This morning a new person from the surgery team came to talk to us and said Dr. Spray had looked over his morning x-ray and numbers and wanted the tube pulled.  This surprised us because we were told yesterday it might need to stay in 48 hours.  Dr. Spray said he was confident that is was only air bubbles that caused the lungs to collapse and that no damage was done to the lungs themselves (like a tear or hole in the lungs).  We wouldn't let her touch him until we had talked to the attending on the floor and she called to confirm with Dr. Spray.  Everyone on the surgical team is walking on egg shells around us now.  I made myself VERY clear about our feelings of how things happened.  Unfortunately I know things don't always go perfect.... it is just when it is your child it is hard to not want to blame someone.  I will say this though.  The team of attending doctors were ready for anything, and they took care of a scary situation without panicking us (even when they were all a little panicked).
So they pulled the tube this morning.  They gave Logan some versed (a medication that gives you a little bit of an amnesia sensation so he won't remember it) and he was like a new kid.  He would finally sit up and he started acting all funny and loopy from the med. 
What a freaking ROLLERCOASTER ride.  Logan is done with the hospital.  He is done with ouchies and meds and tubes and chords.  I think now that he no longer has any tubes in him they might discharge us to the Ronald McDonald house tomorrow (it is less than a mile from the hospital).  And then we can come in for follow-up before we come home.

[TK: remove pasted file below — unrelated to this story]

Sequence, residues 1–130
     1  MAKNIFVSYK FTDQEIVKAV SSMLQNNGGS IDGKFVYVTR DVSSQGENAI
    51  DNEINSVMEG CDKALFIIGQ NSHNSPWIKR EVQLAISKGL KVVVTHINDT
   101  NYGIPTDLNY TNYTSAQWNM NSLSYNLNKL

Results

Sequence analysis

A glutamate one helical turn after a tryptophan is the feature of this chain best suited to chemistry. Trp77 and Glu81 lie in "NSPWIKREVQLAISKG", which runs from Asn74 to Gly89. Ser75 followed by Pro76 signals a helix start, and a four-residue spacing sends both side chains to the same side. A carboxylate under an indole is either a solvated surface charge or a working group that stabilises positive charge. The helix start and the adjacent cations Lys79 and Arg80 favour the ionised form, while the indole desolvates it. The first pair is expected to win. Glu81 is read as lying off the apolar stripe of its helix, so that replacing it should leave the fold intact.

To show just what a rollercoaster ride these last 3 days have been all these pictures were taken in a 48 hour period.

Playing great on Christmas
  Racing through the hall on McQueen Christmas night

The morning of the 26th. 
They were actually surprised at how good he looked for what was going on inside.  This is usually the problem with Logan, he doesn't show on the outside the absolute chaos going on inside of him.  I know people will comment all the time that he doesn't "look" sick. (Me on the other hand I know I look like a wreck, I didn't even have a chance to brush my teeth before all this happened.  Why they do everything so early in the morning at hospitals is beyond me). 
 The team was all scrubbed and ready in his ICU room.